So what does this mean? 
If you are a first home buyer, it's going to be slightly easier for you to purchase if you haven't got a 20% deposit. (Note, however that the banks will still decide how generous to be with these applications). 

For investors, we predict that the banks will loosen up their policies in line with the reserve banks rules of needing a 35% deposit compared to 40%. This will make some difference particularly to new investors. We don't think these changes are going to be dramatic, but it will have a small effect. 

If you think this will impact you, free to get in touch with your friendly Velocity Financial broker. We are always happy to help.

Until next time.. 

The team at Velocity Financial



Brendon Ojala is a Registered Financial Adviser with Velocity Financial. No investment decision should be taken based on the information in this blog alone. A disclosure statement is available free of charge upon request.


Put Money on the Mortgage or into KiwiSaver?

It’s a common question that we get asked. You’ve got a mortgage and you want to pay it down, but you’d also like to save for the future through KiwiSaver. O, what to do? Rupert provides some insight.


Note that the following is very much generic advice. For more personalised advice you would need to see a wealth adviser.


In general, there are two groups of people that we can divide our answer into: self-employed and employed.


For the self-employed, the answer is fairly simple. There are currently no real benefits for putting your money into KiwiSaver except the ~$521 per year Tax Refund that you receive from the government (50c from the government for every $1 you put in up to a maximum from you of $1042 per year).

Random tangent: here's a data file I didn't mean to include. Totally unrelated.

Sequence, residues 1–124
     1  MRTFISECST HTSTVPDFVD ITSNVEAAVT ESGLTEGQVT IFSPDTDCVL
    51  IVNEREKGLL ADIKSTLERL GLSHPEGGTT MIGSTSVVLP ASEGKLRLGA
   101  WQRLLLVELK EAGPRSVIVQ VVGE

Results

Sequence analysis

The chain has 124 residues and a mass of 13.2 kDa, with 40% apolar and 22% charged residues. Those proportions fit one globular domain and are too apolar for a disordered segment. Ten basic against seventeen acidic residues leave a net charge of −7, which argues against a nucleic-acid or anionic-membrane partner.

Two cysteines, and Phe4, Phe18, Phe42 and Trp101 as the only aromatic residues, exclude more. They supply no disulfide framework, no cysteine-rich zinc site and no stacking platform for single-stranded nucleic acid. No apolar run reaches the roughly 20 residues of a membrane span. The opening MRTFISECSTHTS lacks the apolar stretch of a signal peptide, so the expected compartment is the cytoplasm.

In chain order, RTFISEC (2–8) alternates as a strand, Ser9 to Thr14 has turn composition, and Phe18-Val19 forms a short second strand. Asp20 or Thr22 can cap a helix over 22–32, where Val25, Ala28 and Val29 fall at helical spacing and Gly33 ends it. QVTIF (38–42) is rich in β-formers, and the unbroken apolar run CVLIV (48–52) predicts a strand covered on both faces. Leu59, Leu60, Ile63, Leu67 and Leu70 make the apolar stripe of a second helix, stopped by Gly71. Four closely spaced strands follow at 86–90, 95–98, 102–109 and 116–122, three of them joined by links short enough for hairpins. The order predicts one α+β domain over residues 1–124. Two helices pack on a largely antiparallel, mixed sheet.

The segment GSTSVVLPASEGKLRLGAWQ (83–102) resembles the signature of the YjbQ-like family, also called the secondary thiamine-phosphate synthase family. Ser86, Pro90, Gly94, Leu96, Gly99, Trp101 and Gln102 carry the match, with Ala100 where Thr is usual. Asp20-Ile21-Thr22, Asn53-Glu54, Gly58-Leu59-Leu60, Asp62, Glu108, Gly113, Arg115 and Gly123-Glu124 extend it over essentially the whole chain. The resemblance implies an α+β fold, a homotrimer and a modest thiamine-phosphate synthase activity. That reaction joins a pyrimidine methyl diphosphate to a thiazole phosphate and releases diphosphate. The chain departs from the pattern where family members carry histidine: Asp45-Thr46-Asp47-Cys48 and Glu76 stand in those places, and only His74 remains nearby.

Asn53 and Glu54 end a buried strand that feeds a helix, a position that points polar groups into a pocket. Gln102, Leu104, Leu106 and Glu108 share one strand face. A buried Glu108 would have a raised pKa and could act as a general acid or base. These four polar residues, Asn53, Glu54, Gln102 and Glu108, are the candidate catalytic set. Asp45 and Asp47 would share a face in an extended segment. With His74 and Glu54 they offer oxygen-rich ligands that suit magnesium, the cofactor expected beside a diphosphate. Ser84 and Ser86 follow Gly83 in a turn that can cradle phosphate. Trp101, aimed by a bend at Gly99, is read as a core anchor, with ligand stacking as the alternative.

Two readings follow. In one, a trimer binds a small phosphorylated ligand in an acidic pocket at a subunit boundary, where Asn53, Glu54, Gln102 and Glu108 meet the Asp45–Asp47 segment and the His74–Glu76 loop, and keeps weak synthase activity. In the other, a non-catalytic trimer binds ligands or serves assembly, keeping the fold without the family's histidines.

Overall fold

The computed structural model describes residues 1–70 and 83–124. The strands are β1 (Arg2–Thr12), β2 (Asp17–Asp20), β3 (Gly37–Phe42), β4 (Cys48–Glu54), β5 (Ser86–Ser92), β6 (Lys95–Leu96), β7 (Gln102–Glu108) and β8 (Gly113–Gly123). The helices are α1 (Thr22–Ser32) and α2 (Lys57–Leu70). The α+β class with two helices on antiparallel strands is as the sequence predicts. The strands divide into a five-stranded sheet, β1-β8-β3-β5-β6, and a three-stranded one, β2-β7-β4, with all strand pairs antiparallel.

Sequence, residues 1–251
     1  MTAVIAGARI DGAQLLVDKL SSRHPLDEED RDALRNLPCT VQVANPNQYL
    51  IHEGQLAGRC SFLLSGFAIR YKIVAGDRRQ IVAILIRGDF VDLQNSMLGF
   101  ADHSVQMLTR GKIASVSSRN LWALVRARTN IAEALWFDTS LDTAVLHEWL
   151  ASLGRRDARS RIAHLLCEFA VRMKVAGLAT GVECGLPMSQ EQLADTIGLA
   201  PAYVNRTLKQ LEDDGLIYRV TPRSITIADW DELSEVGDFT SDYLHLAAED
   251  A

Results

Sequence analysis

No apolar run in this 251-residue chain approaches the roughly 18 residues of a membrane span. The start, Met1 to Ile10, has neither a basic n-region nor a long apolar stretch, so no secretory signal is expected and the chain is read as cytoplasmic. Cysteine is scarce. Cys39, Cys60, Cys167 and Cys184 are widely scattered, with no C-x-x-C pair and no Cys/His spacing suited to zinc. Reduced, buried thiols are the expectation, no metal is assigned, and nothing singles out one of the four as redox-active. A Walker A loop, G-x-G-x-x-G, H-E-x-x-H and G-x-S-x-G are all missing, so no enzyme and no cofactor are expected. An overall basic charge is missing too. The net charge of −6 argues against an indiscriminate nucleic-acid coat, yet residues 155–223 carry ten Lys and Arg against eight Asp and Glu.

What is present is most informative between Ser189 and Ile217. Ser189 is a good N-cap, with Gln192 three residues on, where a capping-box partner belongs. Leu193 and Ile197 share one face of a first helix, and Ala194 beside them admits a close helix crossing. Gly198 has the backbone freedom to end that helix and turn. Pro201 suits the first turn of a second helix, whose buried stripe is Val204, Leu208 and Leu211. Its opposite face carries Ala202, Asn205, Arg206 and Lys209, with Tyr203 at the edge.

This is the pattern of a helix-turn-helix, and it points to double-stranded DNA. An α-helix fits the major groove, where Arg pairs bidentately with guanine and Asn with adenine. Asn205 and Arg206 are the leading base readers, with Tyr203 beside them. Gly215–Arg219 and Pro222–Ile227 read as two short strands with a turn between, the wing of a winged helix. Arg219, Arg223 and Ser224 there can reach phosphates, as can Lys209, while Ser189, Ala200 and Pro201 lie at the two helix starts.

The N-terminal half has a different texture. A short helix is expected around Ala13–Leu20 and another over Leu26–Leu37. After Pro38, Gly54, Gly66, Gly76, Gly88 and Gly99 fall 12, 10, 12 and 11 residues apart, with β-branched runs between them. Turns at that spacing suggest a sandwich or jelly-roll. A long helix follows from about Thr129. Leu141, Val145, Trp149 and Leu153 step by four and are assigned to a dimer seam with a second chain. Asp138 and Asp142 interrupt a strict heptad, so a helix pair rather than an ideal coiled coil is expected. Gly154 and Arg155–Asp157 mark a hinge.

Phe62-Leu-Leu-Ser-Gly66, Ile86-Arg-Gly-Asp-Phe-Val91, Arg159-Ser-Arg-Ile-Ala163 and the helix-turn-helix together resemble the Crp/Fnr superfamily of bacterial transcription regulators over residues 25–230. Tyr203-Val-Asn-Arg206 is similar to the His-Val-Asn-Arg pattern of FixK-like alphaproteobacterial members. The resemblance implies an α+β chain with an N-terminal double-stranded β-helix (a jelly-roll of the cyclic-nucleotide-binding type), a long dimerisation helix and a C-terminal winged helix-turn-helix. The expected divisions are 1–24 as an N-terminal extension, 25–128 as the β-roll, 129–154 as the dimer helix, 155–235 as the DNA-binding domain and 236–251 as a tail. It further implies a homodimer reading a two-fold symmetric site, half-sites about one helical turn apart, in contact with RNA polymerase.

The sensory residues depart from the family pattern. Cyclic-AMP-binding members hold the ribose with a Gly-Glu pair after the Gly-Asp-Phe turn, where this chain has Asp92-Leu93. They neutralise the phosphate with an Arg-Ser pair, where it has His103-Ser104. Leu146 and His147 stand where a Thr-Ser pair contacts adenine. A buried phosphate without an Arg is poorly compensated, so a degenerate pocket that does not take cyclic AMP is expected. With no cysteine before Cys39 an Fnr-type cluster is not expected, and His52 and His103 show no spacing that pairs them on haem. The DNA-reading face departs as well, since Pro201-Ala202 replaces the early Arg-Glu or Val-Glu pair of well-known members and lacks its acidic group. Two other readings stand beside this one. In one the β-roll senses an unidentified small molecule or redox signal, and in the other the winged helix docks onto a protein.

So, in my opinion, every self-employed person who can afford it should have an automatic payment of $20 per week (or $40 per fortnight etc.) that is put into your KiwiSaver. Why? Because that $1042 would earn you ~$44 per year in interest and you receive a further $521 from the government. That’s a return of more than 50 per cent each year. It’s a no-brainer.


For employed people, you need to know the maximum percentage your employer is willing to match on your KiwiSaver deposits. For most employers, if you put in 3 per cent, they will put in 3 per cent (you lose tax on this, but it’s still a good deal). The best I’ve ever seen is if you put 9 per cent in, the employer will put in 13.5 per cent (so after tax, you get 9 per cent from them too). You would be absolutely mad to not put in that 9 per cent into your KiwiSaver. You are literally doubling your money.


Once you’ve sorted out the decision above, the question of how much money to put into KiwiSaver gets significantly more difficult. It involves weighing up post-tax profit in KiwiSaver versus non-taxable and taxable interest in your mortgage.  It’s hard. Certainly too hard to summarise in a blog.


But you can get those low-hanging fruit. Firstly, get joined up to KiwiSaver. If you’re self-employed and can afford it, get that automatic payment set up. If you are employed, find out how much your employer will match if you put money in and, again, if you can afford it, begin putting that money into your account.


Rupert Gough is a Registered Financial Adviser with Velocity Financial. No investment decision should be taken based on the information in this blog alone. A disclosure statement is available free of charge upon request.